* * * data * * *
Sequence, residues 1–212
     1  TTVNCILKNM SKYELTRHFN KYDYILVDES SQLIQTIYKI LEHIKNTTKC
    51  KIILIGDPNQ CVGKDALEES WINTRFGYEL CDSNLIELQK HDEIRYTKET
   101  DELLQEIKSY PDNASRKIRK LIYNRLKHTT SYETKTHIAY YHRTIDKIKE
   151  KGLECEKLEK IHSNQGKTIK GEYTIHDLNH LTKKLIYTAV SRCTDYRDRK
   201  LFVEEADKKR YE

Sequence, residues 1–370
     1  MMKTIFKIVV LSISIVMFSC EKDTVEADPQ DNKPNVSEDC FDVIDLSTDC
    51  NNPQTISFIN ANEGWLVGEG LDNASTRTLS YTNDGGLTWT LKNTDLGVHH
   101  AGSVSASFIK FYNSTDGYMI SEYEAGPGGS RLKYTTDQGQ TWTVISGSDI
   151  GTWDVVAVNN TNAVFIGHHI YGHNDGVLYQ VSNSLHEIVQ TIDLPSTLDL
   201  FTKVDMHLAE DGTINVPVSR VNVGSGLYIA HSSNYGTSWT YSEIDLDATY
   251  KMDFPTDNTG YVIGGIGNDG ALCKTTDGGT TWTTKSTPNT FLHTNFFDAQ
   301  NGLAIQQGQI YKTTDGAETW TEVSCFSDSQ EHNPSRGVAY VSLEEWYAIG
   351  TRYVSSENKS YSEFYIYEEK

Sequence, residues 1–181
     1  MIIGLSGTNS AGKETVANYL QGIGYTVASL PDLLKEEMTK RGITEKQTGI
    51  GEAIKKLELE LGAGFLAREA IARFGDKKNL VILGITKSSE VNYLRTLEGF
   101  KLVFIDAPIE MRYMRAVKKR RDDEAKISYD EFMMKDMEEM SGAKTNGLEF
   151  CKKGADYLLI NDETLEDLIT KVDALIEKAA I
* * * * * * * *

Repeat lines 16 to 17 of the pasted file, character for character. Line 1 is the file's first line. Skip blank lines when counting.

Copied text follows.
Sequence, residues 1–181
     1  MIIGLSGTNS AGKETVANYL QGIGYTVASL PDLLKEEMTK RGITEKQTGI